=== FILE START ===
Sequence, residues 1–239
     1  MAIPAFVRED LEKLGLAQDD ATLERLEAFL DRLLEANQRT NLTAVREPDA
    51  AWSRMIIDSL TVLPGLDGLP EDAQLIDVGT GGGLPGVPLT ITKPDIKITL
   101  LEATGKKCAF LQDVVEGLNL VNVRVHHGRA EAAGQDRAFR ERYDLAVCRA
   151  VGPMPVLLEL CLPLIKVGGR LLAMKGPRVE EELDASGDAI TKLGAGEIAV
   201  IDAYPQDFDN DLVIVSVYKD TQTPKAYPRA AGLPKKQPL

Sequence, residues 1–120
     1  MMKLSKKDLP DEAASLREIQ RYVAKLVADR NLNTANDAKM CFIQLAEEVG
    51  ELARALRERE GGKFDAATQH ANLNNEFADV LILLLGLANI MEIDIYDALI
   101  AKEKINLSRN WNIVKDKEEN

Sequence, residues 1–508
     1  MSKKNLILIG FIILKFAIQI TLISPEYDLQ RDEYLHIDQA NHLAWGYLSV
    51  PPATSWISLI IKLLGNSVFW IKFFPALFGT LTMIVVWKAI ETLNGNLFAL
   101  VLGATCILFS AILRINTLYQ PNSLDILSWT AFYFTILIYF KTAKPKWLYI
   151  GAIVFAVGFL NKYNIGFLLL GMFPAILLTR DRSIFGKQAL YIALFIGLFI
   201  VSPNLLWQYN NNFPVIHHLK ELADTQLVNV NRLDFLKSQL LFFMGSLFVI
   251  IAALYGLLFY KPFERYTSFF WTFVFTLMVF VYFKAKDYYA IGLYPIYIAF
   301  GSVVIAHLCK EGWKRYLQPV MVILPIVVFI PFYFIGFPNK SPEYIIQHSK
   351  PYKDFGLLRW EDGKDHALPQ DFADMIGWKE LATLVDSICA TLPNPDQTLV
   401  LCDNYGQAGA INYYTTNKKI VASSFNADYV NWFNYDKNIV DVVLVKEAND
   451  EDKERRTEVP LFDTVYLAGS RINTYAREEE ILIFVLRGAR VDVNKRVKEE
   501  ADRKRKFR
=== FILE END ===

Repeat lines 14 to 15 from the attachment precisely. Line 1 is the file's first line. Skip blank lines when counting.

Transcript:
   101  VLGATCILFS AILRINTLYQ PNSLDILSWT AFYFTILIYF KTAKPKWLYI
   151  GAIVFAVGFL NKYNIGFLLL GMFPAILLTR DRSIFGKQAL YIALFIGLFI